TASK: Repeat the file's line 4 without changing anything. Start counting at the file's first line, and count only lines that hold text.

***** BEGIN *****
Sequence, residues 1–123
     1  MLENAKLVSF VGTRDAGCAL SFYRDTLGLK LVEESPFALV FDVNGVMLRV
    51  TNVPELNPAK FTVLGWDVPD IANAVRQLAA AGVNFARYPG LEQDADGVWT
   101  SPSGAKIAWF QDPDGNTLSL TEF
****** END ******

   101  SPSGAKIAWF QDPDGNTLSL TEF